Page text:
What are RCEs? Are they important? What can I do?
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11 days ago
@member_31

This question is about recurrent corneal erosions, aka RCEs, aka RCES (recurrent corneal erosion syndrome)

A FitEyes member posted, referring particularly to the challenge of working virtually, constantly on the computer:

Recently I started having recurrent corneal erosions

Happens at night, I can't open my eyes, then sharp pain in the eye and the long process of trying to recover from it.

Considering that I work and have to be on for the meetings and brainstorming sessions with full focus on the computer -- it is really not easy. I had to discontinue drops.

Can you explain what this is about, why drops would cause it, and what I need to know and do?

computer-use rces:recurrent-corneal-erosion-syndrome eye-pain corneal-erosion • 40 views
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RCES (recurrent corneal erosion syndrome) may also fall under the category of "Corneal Erosions, Recurring"

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11 days ago
@member_31

Here I'll summarize the response thread to the original post.

Anatomy first

The American Academy of Ophthalmology [says][1] the cornea is "the clear, dome-shaped window at the front of the eye." Illustration, from a YouTube on that page: ![Cornea, from American Academy of Ophthalmology][2]

What are RCEs? Are they important?

A corneal erosion is when the cornea gets eroded - literally gets worn away. It's a wound, which must heal. When erosions happen repeatedly ("recurrent"), it's a real problem, because the wound can't heal, the same as if you had a scraped knee that keeps getting scraped. It's painful, it can get infected, and of course with a wounded cornea the eye can't work right. In the worst case it could become an open wound that never gets better, which means it's important to do everything we can to relieve the distress and encourage healing. The wonderfully helpful site Patient.Info [describes it this way][3]: > In recurrent corneal erosion syndrome (RCES) repeated episodes of breakdown of the corneal surface produce disabling eye symptoms and predispose the cornea to infection. > > Recurrent corneal erosions are common. They arise when damage to the cornea occurs; then, as healing begins, the new tissue is repeatedly stripped off by eyelid movement so that the epithelial layer fails to re-attach. > > The condition is very painful, as it leaves corneal nerve endings exposed. > > It may occur due to trauma but corneal dystrophy or other corneal disease may predispose (the patient to it).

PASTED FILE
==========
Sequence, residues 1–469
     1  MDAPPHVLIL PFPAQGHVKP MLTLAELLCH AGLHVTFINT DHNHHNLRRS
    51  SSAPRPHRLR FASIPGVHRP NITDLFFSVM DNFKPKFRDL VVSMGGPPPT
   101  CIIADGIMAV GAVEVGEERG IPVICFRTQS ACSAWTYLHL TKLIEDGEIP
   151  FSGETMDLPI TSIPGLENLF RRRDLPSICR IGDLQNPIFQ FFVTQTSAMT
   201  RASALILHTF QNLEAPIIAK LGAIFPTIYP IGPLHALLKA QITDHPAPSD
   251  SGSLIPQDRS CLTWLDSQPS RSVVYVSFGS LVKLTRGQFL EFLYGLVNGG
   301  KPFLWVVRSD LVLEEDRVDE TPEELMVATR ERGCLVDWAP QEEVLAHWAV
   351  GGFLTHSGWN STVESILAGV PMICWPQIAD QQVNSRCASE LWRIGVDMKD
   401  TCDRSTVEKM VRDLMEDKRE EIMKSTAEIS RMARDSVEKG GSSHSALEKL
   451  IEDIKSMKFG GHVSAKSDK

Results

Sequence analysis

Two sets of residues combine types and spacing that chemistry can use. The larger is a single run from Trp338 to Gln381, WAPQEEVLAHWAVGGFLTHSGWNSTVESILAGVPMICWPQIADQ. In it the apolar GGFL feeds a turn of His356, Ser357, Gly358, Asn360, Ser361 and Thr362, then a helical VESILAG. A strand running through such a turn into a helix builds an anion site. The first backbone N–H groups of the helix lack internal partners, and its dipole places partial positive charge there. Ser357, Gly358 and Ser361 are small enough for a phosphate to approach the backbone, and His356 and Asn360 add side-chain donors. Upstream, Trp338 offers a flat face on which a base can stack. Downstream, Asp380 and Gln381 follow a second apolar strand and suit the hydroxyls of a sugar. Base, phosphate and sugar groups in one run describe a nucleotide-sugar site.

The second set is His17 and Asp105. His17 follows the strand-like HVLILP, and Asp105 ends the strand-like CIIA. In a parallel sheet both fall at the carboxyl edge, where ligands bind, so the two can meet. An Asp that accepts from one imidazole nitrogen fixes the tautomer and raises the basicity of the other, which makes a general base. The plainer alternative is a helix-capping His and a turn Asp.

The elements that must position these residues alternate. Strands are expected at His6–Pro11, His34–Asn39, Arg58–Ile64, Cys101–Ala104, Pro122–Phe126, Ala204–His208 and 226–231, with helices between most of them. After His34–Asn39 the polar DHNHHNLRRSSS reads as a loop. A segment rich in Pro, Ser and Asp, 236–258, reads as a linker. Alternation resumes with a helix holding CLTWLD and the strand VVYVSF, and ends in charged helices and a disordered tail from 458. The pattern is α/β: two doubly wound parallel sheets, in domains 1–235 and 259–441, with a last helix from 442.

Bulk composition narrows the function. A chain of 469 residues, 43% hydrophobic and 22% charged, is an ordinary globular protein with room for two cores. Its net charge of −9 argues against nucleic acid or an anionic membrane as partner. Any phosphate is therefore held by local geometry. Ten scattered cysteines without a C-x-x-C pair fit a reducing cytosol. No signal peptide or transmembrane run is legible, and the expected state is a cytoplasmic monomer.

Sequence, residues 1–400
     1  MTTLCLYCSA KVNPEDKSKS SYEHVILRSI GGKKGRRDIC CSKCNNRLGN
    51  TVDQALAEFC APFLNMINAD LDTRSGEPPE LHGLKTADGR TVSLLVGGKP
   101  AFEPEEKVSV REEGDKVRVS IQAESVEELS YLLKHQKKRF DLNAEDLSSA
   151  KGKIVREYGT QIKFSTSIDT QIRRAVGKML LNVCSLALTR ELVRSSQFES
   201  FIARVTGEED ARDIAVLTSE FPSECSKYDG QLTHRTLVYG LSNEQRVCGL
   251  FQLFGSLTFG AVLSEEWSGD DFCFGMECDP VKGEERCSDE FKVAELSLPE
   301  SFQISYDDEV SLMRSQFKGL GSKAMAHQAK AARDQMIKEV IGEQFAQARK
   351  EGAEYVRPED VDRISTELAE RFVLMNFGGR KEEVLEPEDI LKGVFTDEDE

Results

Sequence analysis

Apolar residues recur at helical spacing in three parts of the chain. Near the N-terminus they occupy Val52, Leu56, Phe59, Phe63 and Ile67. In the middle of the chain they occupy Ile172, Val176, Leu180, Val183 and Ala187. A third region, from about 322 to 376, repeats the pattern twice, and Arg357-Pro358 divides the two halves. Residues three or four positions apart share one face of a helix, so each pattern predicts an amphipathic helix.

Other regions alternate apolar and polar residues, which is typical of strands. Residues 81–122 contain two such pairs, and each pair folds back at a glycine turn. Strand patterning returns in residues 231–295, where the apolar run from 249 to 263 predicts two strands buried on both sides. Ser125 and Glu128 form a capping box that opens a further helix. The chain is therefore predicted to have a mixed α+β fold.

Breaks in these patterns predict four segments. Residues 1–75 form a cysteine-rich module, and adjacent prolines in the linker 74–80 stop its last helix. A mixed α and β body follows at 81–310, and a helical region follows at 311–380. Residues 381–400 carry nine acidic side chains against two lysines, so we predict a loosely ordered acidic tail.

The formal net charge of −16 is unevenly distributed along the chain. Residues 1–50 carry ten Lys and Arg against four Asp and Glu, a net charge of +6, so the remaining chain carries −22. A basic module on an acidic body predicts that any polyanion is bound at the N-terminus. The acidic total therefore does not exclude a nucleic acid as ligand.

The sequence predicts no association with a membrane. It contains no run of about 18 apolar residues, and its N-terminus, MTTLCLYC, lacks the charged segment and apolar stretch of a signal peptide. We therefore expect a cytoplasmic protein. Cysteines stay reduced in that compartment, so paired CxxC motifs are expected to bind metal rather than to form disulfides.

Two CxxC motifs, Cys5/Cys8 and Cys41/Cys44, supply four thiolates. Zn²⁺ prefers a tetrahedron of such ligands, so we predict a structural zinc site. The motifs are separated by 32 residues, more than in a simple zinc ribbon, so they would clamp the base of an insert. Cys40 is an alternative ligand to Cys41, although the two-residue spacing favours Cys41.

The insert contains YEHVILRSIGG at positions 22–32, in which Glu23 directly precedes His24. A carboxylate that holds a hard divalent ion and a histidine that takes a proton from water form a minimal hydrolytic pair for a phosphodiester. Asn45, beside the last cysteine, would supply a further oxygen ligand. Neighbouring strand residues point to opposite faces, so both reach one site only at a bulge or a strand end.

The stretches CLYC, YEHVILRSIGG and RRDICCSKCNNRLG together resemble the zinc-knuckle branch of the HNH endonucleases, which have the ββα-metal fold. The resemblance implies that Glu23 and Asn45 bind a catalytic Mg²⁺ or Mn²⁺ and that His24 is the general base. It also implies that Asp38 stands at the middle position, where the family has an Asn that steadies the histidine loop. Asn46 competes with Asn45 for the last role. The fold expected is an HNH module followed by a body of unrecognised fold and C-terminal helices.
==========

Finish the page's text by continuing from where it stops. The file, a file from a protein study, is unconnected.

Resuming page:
What causes it?

As with other wounds there can be many causes - physical injury, diseases, or, several FitEyes members have reported RCEs in reaction to dry eye or to certain eye drops. The latter seems to be the case with the original question here, since stopping the drops solves the problem.

What to do about it?

The AAO's page on RCE treatment says there are many options and there's no way to predict what will work for each patient. The treatment flowchart graphic on that page may look a bit intimidating, but as you partner with your clinicians in the treatment process it's worth knowing the range of options, from simple lubricant drops through antibiotics and others, so read the text. You certainly want to find a solution.

FitEyes member Robert Cohen offered his practical experience about soothing the cornea:

I, too, began suffering from RCE's at night some time after starting on glaucoma drops. There are numerous options to address the problem, but the first one I started with was the moisture goggles from Eyeeco. I prefer the Quartz, because it allows me to see the time at night. For further ideas, it is worthwhile asking the fine people at dryeyeshop.com. They are extremely helpful.

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